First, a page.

Research Coordinator: Dr. Akim Omokanye
Collaborating producer: Curt and Patty Hale (Clear Hills County)
From: Peace Country Beef & Forage Association 2014 Annual Report
Recent environmental and ecological awareness, and the willingness of producers (with verse knowledge on cover cropping) to share their experiences with other producers has started a resurgence in cover crop use in beef cattle operations. A series of workshops on cover cropping put on by PCBFA has shown that the advantages of integrating cover cropping systems into the forage based production systems of beef cattle operations are numerous. Cover crops protect water quality by reducing losses of nutrients, pesticides, and sediment. Cover crops can increase nutrient efficiency through reduced soil erosion (less soil organic matter and soil nutrients losses in the topsoil). Cover crops are scavengers of residual nitrogen (N), converting N to proteins (enzymes, hormones, amino acids). Improved forage yield and quality are some of the other benefits of cover cropping. This report attempts to highlight the collaborating producer’s efforts on testing a series of cover crop species that can be used in cover crop cocktail mixtures for silage for backgrounding or for swath grazing.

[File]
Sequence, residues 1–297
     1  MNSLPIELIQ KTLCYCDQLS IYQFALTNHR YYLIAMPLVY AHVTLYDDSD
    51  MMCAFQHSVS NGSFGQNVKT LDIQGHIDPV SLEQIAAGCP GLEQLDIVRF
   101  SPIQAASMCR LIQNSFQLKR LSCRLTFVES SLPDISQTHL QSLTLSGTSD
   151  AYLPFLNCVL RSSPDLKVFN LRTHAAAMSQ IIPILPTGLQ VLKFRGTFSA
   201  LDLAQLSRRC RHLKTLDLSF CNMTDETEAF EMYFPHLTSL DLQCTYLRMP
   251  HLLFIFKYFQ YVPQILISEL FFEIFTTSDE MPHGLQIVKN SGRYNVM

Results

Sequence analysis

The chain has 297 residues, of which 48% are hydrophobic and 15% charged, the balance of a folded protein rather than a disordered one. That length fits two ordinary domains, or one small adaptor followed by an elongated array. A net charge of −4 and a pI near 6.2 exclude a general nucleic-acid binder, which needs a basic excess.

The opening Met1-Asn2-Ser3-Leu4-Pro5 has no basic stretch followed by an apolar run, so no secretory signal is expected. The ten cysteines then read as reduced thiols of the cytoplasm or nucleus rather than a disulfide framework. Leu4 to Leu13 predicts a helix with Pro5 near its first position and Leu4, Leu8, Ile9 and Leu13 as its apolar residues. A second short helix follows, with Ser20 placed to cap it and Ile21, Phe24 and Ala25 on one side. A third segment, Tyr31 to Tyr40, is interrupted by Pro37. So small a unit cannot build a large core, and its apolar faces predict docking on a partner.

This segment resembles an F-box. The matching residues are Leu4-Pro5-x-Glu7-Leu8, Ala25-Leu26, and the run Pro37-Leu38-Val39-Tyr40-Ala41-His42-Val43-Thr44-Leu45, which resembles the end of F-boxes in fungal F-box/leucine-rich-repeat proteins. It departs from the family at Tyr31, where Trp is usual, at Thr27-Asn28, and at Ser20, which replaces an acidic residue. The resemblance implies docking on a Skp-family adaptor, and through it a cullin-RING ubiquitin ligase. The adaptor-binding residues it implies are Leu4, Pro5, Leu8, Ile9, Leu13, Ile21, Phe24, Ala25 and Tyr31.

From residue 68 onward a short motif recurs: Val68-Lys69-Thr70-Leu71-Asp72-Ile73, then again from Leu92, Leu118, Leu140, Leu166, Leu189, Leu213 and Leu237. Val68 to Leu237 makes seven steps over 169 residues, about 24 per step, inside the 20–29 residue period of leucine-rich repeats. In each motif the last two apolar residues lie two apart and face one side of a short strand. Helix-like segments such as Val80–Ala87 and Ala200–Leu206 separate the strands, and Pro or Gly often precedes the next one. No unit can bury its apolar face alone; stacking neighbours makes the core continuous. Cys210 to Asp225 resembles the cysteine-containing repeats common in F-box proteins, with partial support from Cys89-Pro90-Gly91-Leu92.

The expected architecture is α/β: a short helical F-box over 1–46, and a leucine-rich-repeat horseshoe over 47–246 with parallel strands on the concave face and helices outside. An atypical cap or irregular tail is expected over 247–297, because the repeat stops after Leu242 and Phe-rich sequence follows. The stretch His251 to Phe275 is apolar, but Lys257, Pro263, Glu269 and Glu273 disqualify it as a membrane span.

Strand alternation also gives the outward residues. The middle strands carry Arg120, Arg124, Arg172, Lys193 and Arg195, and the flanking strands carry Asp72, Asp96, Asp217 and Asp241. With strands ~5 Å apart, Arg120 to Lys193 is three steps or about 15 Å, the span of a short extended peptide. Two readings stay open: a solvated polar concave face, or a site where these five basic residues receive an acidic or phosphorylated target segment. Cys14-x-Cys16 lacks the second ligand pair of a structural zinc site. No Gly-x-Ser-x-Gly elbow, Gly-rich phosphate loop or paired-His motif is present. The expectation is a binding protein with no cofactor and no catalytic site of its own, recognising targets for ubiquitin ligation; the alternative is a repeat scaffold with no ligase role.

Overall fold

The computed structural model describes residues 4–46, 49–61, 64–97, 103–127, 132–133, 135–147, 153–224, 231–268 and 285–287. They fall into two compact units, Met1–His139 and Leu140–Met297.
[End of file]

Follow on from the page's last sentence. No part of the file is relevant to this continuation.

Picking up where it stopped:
Cover crop test plots consisting of several monocultures and cocktail mixtures were seeded by the collaborating producer. The crops used for the test plots are listed below (Table 1).
These crops were seeded as monocultures in one section and in various mixtures in another section (where cross seeding was carried out). In this report, only 10 of the monocultures/cocktail mixtures are examined for forage and quality. The 10 monocultures/cocktail mixtures and their seeding rates are: